“Neither do I condemn you... go away and do not sin any more.”


Whenever she heard the story of the woman who was taken in adultery, my mother always used to ask – with some anger in her voice – “What ever happened to the man who was taken in adultery?”

I don’t profess any great expertise in the matter, but even I know that adultery is a crime that takes two. So, what ever happened to the other one?

Well, of course, we shall never know – the scripture does not record - but I always wonder if that is part of what motivates Jesus in challenging the hypocrisy of the crowd who want to kill this woman. Hypocrisy is always the strict application of a law which you do not keep yourself – a law which you apply to some people, but not to others. It is the willingness to cast the first stone at some people, but to cover up the crime of others. And religious people are sometimes especially tempted to it.

Of all the things I ever do for people - either as a priest or a doctor, I am convinced that the most valuable is the time I spend hearing confessions.
When you have, as I often do, the immense privilege of hearing confessions, you come to know that there is no such thing as an unbroken person. There is no-one who can cast the first stone.

So, I am going to ask you to think for a brief moment of the worst thing you have ever done, or failed to do.
We all have at least one; most of us will have a few to choose from.
Something that I once did, that really hurt another human being;
... some kindness I could have done, but failed to do.
... the thing in my life that I am least proud of.
... my greatest failure.
... my greatest regret.
... my greatest lack of love.
... the one action or word I wish – I really wish - I could take back.

It may be in how I treated my parents,
... or how I treated my family or my wife or husband.
It may be in how I lied,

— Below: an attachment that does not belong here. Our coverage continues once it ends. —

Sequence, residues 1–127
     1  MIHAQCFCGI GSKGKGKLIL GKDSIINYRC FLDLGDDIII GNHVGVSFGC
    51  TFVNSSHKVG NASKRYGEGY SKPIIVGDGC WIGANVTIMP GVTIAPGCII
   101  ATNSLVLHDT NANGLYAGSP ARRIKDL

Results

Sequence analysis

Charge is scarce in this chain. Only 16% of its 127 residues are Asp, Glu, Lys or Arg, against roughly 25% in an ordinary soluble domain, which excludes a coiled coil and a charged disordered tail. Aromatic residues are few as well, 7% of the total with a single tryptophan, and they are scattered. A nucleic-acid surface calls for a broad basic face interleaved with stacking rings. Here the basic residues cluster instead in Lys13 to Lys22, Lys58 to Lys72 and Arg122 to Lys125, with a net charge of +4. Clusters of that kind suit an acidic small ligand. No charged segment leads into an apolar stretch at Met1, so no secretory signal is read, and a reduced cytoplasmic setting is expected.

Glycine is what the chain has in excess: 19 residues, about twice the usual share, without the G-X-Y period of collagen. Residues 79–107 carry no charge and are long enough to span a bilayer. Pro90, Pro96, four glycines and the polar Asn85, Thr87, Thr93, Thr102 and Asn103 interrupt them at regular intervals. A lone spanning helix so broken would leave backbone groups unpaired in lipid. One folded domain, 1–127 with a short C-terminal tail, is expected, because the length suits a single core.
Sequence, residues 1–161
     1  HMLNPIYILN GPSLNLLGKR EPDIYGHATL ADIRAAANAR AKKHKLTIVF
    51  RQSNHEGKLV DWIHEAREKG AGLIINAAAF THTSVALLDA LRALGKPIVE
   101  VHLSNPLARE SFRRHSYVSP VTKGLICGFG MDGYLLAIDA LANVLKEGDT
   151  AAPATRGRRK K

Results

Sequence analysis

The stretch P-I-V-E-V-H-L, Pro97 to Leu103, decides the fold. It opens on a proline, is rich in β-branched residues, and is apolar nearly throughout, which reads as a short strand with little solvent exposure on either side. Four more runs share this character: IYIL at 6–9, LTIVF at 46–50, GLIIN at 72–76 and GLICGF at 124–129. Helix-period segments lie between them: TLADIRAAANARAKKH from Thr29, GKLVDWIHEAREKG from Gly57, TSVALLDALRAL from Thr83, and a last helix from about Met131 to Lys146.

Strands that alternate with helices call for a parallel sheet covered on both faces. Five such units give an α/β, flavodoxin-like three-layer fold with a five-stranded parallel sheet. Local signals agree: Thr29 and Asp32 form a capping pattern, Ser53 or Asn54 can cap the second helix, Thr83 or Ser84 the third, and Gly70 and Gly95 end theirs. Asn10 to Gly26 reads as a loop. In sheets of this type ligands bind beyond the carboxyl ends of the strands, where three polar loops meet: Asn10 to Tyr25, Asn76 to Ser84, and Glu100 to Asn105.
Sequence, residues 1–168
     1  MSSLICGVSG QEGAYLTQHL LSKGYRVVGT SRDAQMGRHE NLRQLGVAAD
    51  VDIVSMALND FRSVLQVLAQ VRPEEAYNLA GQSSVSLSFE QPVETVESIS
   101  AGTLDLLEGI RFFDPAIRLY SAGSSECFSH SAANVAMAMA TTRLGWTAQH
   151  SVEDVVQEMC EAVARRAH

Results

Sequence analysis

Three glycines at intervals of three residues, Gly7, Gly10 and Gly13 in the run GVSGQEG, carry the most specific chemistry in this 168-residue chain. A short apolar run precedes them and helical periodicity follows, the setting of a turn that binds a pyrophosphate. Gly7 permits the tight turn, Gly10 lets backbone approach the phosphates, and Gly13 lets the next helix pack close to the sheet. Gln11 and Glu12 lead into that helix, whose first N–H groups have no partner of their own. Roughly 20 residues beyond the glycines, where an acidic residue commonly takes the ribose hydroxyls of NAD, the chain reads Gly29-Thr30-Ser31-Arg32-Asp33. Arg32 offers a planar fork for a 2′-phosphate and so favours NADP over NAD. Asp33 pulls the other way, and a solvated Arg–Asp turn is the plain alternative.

... or cheated
... or stole
- or how I betrayed a friend or a loved one.

I’d like to ask you to pick the very worst...
Let us all, just for one moment, think of that.
{And now turn to the person sitting next to you and… no, no, of course not, would I do that to you?}

It’s all-right – I’m not going to ask anyone to say what it is. But I will ask you to imagine – just imagine.
Now turn to the person sitting next to you and I want you to imagine what it would be like to tell that to the person in front of you. Imagine seeing their face change and their estimate of you fall.
And then I want you to imagine seeing that very thing on the front page of every newspaper in the country.
- perhaps with a photograph of you looking at your worst;
- the first item on every news bulletin on television or radio.

Imagine being the only subject of every conversation in every pub and bingo hall in the country.
When you walk down the street, people look at you and whisper;
children point at you and laugh.
The dogs bark at you in the street.
And out of all that is said to you – and about you,
there is nothing you can say in reply.
Because every word of it is true.

That is what it is in our day to be a public Sinner.
Not much has really changed since Jesus’ time.

But imagine, if you will, that there is someone to whom you go, who knows you and who loves you;

  • who knows what you have done and what you have failed to do,
  • and who doesn’t say it’s OK, because it isn’t,
  • but who understands that you are not the only one
  • who understands that all have sinned and fallen short of the Kingdom of God
  • and who can you give you back your self-respect.
  • And restore you to your best Self
  • The Human Being God made you to be.

That is what we call the sacrament of reconciliation.
That is the sacrament that Jesus gave to the woman caught in adultery.
If you haven’t been recently, I would like to recommend it to you.

Let us profess our Faith in God the Father of Forgiveness in the coming week.

Paul O'Reilly SJ